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Introduction: Nathan Pellegrin

edited March 2018 in Chat

On the applied side my interest in CT grew out of a search for tools to reduce the workload of system integration and building ETLs. The middleware I am familiar are good for managing batches of SQL but lack a way of querying/testing the parts at a higher level of abstraction - and to this end I have had an allied goal of learning Algebraic Query Language.

On a more personal side, I am hopeful that CT offers a foundation for more effective communication generally - along these lines I seek to think about systems and relationships in new ways and be able to better understand how others are thinking.

There are many interesting people signed up for this course and I am look forward to it!

Comments

  • 1.

    Algebraic Query Language seems really nice. I find the basic category-theoretic ideas very natural! But I haven't actually used it - nor am I likely to, since programming is not really my thing.

    However, my student Blake Pollard is using it in his postdoc at the National Institute of Standards and Technology to design and test electrical grids! He's working with Spencer Breiner and Eswaran Subrahmanian, who ran a workshop pulling together academics and lots of honchos from industry and government:

    Most of the people involved in AQL were there. Anyway, have a great time in this course and make sure to ask lots of questions.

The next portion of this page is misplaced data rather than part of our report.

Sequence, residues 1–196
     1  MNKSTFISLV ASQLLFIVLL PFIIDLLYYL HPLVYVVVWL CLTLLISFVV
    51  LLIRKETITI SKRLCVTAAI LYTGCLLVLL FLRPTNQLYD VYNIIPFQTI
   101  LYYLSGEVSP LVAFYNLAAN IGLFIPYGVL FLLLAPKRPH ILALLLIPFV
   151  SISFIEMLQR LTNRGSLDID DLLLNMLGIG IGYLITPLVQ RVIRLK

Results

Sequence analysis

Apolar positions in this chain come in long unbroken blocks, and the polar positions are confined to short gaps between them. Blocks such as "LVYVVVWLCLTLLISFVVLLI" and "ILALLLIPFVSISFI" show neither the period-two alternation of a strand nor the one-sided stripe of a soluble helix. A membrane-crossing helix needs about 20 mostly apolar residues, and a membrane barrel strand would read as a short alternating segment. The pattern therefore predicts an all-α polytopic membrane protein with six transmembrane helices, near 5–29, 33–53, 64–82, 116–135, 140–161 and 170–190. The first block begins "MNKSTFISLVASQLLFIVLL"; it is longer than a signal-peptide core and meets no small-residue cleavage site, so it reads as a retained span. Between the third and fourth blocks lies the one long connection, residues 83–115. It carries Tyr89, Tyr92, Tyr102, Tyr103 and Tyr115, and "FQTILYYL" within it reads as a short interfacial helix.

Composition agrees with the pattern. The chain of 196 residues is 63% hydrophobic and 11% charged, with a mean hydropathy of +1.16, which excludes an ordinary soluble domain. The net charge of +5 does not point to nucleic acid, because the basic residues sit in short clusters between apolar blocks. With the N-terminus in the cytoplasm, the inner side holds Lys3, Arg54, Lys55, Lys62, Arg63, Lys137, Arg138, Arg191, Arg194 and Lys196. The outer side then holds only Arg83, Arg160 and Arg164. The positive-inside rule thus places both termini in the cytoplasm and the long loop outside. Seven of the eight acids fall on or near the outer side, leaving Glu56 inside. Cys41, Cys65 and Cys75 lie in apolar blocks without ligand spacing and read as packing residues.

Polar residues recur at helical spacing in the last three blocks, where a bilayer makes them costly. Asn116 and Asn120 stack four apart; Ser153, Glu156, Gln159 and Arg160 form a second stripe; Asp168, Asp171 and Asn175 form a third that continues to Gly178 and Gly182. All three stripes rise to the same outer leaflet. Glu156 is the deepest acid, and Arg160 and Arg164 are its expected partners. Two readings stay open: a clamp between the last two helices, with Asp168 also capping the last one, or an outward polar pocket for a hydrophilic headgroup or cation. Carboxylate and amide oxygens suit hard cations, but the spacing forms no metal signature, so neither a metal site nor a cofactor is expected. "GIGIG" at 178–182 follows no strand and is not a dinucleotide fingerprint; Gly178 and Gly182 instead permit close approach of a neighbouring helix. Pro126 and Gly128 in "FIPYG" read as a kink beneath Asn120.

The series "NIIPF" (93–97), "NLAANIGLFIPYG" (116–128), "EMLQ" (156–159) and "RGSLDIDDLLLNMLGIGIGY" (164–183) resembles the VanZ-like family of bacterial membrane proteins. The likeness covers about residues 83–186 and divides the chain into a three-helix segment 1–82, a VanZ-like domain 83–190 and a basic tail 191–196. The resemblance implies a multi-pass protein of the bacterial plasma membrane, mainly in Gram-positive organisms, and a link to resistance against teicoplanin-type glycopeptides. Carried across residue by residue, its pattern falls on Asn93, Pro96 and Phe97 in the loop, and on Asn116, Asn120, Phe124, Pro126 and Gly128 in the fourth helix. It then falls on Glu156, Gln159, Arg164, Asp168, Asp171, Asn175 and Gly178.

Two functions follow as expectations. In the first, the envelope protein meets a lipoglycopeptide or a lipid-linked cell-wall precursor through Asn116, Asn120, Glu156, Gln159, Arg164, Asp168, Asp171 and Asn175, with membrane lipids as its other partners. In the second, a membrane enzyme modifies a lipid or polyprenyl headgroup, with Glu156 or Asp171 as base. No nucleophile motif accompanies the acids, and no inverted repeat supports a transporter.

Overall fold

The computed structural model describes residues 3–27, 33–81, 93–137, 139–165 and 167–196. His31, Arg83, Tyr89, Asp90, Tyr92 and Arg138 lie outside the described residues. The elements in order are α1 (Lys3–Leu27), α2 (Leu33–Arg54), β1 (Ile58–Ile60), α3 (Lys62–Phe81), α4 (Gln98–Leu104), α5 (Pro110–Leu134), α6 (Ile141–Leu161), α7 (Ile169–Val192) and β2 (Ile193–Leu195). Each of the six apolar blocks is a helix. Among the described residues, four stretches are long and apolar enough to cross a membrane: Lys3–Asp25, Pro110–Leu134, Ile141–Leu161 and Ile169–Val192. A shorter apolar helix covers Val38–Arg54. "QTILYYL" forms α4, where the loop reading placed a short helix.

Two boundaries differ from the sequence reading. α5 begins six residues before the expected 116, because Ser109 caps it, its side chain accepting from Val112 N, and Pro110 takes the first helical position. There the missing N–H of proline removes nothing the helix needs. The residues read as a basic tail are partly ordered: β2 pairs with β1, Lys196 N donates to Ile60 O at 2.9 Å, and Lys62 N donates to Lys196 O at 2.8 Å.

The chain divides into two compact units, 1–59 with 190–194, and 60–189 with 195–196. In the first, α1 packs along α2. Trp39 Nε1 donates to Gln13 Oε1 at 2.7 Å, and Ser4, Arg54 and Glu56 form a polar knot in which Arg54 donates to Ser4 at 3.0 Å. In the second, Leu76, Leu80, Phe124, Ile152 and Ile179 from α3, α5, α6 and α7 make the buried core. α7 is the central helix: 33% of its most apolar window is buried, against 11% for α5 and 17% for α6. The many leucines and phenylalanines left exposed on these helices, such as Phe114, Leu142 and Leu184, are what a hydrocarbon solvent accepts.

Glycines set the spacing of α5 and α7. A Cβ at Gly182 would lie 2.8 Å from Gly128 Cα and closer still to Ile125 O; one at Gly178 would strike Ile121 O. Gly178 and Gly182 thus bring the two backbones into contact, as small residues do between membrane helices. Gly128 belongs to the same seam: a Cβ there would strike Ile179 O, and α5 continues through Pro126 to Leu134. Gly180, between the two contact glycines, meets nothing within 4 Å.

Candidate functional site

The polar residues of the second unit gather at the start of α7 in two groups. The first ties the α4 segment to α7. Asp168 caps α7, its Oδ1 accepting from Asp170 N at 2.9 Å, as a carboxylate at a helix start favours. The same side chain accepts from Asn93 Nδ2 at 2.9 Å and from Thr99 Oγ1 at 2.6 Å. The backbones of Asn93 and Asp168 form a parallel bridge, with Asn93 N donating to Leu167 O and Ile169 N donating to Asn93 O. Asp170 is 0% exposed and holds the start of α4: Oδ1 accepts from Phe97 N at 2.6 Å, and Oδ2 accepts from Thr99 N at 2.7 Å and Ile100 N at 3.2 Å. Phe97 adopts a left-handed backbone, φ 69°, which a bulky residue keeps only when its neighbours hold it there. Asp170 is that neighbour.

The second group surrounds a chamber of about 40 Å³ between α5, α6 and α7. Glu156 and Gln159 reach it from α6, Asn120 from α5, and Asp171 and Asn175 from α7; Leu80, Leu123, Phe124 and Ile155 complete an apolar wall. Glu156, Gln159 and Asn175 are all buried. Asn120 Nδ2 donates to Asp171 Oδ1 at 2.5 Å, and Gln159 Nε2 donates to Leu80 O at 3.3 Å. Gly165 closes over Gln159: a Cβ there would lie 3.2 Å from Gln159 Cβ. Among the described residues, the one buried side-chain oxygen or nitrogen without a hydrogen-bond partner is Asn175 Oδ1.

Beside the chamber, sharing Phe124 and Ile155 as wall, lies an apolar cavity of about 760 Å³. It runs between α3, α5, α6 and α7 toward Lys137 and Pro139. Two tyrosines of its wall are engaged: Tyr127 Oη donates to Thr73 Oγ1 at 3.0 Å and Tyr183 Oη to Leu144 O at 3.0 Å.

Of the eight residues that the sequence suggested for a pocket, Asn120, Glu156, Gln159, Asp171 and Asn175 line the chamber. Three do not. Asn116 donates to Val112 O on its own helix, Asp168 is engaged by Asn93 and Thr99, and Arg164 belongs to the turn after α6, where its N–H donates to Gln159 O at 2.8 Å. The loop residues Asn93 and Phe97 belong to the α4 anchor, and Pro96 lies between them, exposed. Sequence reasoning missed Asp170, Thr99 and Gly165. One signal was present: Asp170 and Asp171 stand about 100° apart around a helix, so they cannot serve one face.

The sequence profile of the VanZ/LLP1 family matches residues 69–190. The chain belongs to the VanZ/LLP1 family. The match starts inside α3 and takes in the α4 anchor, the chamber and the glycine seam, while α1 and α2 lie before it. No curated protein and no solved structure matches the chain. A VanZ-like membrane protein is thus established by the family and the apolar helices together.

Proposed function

Comment Source:Algebraic Query Language seems really nice. I find the basic category-theoretic ideas very natural! But I haven't actually used it - nor am I likely to, since programming is not really my thing. However, my student Blake Pollard is using it in his postdoc at the National Institute of Standards and Technology to design and test electrical grids! He's working with [Spencer Breiner](https://www.nist.gov/people/spencer-breiner) and [Eswaran Subrahmanian](https://www.cmu.edu/epp/people/faculty/eswaran-subrahmanian.html), who ran a workshop pulling together academics and lots of honchos from industry and government: * [Applied Category Theory: Bridging Theory & Practice](https://johncarlosbaez.wordpress.com/2018/02/17/applied-category-theory-at-nist/), 15-16 March 2018, National Institute of Standards and Technology, Gaithersburg, Maryland, USA. Most of the people involved in AQL were there. Anyway, have a great time in this course and make sure to ask lots of questions.
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